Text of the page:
Back to issue
Cover of: The Duration of Judicial Deliberation: Evidence from Belgium
Peter Grajzl, Samantha Bielen, Valentina Dimitrova-Grajzl, Wim Marneffe

The Duration of Judicial Deliberation: Evidence from Belgium

Section: Articles
Volume 174 (2018) / Issue 2, pp. 303-333 (31)
Published 05.07.2018
DOI 10.1628/093245617X14926792029174
  • article PDF
  • available
  • 10.1628/093245617X14926792029174
Due to a system change, access problems and other issues may occur. We are working with urgency on a solution. We apologise for any inconvenience.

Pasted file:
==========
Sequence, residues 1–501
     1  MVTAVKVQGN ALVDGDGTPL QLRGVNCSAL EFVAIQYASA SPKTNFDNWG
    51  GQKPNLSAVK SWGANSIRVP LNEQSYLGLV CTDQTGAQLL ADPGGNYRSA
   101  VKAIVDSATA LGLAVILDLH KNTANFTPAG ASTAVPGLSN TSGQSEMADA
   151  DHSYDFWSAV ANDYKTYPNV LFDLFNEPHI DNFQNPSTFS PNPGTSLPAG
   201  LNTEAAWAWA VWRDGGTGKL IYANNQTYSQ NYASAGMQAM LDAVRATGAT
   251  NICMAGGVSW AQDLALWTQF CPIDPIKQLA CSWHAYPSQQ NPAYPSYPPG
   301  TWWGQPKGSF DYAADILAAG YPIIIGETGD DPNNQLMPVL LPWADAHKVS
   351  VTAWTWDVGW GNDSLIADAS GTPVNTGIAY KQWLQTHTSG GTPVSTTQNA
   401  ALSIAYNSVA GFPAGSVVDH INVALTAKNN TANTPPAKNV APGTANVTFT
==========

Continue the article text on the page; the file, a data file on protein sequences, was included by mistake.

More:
We utilize case-level data from a large Belgian court to study a policy-relevant but thus far empirically unexplored aspect of judicial behavior: the time that a judge takes to deliberate on a case before rendering a verdict. Exploiting the de facto random administrative assignment of filed cases among the serving judges and using survival-analysis methods, we find that the duration of judicial deliberation varies not only with measures of case complexity, but also with judge and disputing-party characteristics. We further find evidence consistent with the hypothesis that longer judicial deliberation improves the quality of judicial decisions.